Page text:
Academic integrity and the non-traditional student: Demographics, rationales, and the role of religious beliefs
MetadataShow full item record
This item is only available to students and faculty of the Southern Baptist Theological Seminary. If you are not associated with SBTS, this dissertation may be purchased from <a href="http://disexpress.umi.com/dxweb">http://disexpress.umi.com/dxweb</a> or downloaded through ProQuest's Dissertation and Theses database if your institution subscribes to that service.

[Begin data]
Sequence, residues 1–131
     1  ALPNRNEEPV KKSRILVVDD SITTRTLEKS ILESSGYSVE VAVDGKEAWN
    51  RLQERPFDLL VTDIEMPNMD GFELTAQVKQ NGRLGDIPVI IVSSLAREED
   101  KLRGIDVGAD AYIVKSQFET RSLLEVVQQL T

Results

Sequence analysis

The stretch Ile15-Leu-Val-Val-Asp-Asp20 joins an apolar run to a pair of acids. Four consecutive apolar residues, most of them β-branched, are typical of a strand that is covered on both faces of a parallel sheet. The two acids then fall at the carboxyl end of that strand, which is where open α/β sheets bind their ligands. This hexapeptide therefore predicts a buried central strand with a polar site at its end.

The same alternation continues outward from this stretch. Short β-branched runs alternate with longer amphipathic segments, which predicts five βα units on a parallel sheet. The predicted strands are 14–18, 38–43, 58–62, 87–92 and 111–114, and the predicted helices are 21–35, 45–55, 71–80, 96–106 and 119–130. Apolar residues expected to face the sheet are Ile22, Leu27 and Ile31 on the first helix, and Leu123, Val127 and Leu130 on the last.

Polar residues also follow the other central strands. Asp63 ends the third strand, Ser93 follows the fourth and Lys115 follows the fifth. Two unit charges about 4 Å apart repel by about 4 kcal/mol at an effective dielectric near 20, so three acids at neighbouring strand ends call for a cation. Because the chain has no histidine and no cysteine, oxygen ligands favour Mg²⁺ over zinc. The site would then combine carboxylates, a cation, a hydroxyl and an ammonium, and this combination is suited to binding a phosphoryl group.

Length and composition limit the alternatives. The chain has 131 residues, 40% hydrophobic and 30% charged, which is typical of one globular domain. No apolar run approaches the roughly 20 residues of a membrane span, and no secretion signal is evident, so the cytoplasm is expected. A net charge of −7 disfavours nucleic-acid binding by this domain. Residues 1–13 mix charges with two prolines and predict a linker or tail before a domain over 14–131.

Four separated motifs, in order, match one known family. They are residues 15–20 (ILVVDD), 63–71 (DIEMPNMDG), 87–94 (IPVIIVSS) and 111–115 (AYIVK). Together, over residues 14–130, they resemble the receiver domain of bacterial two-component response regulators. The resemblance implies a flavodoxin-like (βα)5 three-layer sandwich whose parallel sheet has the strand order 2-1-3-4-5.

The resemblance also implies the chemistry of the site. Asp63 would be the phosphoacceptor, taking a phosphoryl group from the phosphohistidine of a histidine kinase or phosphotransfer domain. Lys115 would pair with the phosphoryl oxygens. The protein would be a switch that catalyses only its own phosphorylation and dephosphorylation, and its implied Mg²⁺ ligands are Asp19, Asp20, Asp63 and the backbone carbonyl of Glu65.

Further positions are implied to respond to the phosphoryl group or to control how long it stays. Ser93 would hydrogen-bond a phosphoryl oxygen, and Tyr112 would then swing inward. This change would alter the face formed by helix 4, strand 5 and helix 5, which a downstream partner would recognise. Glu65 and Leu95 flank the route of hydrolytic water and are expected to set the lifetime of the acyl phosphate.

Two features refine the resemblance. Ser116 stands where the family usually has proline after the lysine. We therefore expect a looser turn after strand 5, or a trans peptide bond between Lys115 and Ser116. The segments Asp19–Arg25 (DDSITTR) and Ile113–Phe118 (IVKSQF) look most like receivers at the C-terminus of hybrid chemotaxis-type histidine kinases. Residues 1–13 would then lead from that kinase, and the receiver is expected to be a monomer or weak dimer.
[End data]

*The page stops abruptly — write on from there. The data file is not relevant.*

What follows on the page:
This dissertation examined academic integrity among nontraditional college students attending nontraditional educational degree programs. Conducted at a midsized regionally accredited theological school, only nontraditional students were included. The primary focus was to provide data on the demographics of cheating, to determine the rationales for academic behavior, and to measure the influence of religious beliefs. Descriptive demographics such as age, gender, GPA, employment, and marital status were reviewed to search for correlations or demographic trends. Students were asked to identify the rationales and motivational influences impacting their behavior. Lastly, the strength of student's religious convictions were determined by measuring the level of religious activity and the self reported intensity of religious beliefs. The study revealed an academic honesty rate of 84% (16% cheating). Moral convictions had the greatest impact on their decision to avoid cheating, while lack of preparation was their primary reason for cheating. Students with strong religious convictions did appear to cheat less. Further study with nontraditional students is needed. Keywords . Nontraditional students, Academic integrity, Cheating, Religious beliefs, Academic dishonesty, Rationales